A top House Democrat started an investigation Monday into White House senior adviser Jared Kushner’s use of a private email account for official business, asking the president’s son-in-law to preserve all his communications and turn over his list of contacts and other records.
In a letter to Mr. Kushner, Rep. Elijah Cummings, Maryland Democrat and ranking member of the Committee on Oversight and Government Reform, said it is “unclear” from recent press reports whether he complied with a federal law requiring White House employees to forward any private emails pertaining to official business to their government email account.
As if to justify his inquiry, Mr. Cummings noted that “Republicans members of Congress expressed shock and outrage when former Secretary of State Hillary Clinton used a personal email account.”
Mr. Kushner’s lawyer acknowledged Sunday that he has occasionally used a private email account for correspondence with fellow administration officials. He said fewer than 100 emails from January through August were sent to or returned by Mr. Kushner to colleagues in the White House from his personal account.
Using a personal email account is legal, as long as the government official sends the correspondence to his or her government email account within 20 days — a law that was amended in 2014 after Mrs. Clinton’s notorious use of a private email server in office, which contributed to Mr. Trump’s accusations of “Crooked Hillary” and campaign chants to “lock her up.”
White House press secretary Sarah Huckabee Sanders said the use of private email accounts by West Wing employees is “very limited” and strongly discouraged.
“White House counsel has instructed all White House staff to use their government email for official business, and only use that email,” she said. “We get instructed on this one pretty regularly.”
Also Monday, Newsweek reported that Ivanka Trump, the president’s daughter and Mr. Kushner’s wife, used a personal email account to communicate with a member of the Trump’s administration, a month before she officially accepted a job as a presidential adviser.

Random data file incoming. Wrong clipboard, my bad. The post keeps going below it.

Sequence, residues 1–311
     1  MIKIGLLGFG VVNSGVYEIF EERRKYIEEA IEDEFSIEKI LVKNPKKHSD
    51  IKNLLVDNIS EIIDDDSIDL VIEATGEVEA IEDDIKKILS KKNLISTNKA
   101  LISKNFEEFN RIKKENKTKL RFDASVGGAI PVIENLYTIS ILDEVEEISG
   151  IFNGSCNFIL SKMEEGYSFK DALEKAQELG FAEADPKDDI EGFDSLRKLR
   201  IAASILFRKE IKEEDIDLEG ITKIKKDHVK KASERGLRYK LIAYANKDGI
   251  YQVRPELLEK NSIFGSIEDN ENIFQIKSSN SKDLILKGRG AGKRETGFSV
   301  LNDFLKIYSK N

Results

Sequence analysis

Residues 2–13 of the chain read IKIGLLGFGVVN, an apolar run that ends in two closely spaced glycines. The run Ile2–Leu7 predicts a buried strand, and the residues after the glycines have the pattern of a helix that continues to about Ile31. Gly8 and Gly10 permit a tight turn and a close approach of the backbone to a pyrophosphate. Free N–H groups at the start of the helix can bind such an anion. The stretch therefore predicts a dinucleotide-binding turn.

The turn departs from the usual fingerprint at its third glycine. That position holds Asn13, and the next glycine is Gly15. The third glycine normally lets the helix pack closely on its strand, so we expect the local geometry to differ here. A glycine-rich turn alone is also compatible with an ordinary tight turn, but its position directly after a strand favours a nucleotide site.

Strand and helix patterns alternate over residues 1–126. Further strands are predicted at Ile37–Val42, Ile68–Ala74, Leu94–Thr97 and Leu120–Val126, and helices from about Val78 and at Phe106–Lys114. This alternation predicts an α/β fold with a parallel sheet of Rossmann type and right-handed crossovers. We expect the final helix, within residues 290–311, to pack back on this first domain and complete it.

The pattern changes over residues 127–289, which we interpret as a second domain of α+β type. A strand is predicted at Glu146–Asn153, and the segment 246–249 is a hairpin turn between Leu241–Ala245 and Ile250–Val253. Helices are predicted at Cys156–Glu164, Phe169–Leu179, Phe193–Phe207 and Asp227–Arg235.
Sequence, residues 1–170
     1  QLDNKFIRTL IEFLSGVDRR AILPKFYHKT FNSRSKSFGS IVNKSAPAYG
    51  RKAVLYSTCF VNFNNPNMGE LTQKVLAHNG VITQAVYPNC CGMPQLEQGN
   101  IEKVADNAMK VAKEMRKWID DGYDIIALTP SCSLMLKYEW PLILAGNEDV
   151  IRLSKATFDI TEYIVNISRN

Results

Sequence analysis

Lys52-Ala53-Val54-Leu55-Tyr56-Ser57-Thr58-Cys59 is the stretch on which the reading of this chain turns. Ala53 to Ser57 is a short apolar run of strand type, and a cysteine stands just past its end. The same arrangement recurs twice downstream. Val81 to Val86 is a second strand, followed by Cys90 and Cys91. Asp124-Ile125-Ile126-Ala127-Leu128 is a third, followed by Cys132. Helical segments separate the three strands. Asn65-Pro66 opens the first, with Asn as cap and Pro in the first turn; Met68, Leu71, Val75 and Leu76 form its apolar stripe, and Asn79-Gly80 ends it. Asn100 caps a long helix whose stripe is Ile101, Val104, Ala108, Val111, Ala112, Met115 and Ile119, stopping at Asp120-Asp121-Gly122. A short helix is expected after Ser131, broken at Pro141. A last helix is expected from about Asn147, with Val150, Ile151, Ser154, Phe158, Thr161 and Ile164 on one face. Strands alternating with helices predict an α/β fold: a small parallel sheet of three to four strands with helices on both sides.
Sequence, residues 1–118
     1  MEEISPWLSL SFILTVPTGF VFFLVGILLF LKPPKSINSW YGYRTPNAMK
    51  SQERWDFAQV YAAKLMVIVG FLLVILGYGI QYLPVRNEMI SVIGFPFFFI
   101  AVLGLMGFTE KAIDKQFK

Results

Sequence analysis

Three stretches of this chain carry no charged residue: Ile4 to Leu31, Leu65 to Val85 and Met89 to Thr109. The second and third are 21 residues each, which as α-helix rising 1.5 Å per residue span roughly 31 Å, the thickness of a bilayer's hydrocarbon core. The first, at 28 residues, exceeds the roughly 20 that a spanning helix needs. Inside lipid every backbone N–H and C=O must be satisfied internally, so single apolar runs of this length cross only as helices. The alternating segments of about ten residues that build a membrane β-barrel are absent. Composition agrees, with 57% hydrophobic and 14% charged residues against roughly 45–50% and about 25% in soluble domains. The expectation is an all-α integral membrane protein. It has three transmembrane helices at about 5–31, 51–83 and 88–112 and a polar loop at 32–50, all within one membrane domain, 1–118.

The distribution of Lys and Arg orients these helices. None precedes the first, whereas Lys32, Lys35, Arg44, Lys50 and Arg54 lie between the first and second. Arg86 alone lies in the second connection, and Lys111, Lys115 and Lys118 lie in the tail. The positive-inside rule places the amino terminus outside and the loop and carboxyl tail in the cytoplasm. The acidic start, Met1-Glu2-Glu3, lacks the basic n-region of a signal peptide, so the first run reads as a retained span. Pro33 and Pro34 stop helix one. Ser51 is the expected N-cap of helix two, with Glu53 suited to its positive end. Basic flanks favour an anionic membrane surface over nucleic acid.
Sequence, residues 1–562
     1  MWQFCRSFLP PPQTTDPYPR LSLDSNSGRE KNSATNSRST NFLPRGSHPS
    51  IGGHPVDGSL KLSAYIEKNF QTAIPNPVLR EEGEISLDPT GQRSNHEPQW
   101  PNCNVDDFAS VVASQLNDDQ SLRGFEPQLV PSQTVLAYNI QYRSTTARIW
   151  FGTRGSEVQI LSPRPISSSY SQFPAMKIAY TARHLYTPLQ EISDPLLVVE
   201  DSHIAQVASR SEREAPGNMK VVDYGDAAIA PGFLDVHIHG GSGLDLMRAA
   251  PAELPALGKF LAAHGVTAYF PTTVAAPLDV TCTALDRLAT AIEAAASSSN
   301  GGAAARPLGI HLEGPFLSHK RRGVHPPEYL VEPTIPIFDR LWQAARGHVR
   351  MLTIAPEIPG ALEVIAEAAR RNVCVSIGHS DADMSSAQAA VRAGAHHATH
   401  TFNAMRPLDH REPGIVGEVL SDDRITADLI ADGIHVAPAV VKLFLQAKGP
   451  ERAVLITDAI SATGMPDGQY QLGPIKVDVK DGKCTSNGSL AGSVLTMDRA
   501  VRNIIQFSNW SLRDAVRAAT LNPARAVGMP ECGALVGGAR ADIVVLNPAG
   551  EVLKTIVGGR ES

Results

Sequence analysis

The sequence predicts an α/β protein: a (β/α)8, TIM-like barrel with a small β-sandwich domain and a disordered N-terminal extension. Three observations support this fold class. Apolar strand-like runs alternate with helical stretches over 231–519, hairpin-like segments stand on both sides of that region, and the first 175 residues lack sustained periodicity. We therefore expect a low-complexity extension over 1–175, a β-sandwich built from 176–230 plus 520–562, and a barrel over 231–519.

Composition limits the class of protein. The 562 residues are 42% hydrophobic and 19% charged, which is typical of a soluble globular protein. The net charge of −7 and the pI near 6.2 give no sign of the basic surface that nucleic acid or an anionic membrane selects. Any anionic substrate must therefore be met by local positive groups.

The watchdog group American Oversight obtained documents through the Freedom of Information Act that show Ms. Trump used a personal email account to email Small Business Administration head Linda McMahon in February. She wrote that she wanted to “explore opportunities to collaborate” with Ms. McMahon’s department on “women’s entrepreneurship,” according to the report.
Politico reported that Mr. Kushner and his wife set up their private family domain late last year before moving to Washington from New York.
Mr. Cummings noted that he and former Committee Chairman Jason Chaffetz asked White House Counsel Don McGahn on March 8 whether any senior White House officials used unofficial email accounts to conduct official business. On April 11, he said, White House Director of Legislative Affairs Marc Short sent a response stating: “There are no senior officials covered by the PRA [Presidential Records Act] with multiple accounts.”
“This statement appears to be inaccurate,” Mr. Cummings wrote to Mr. Kushner, “although it is possible that Mr. Short was referring to senior officials with multiple official governmental email accounts and that he did not know about your personal email account at the time he wrote this letter to the Committee.”
In addition to requesting the preservation of documents, Mr. Cummings asked Mr. Kushner to provide email addresses for all private accounts he used to conduct official business, a list of all emails he sent or received on non-governmental accounts to conduct official business, and information about the security of the private domain he and his wife have been using.
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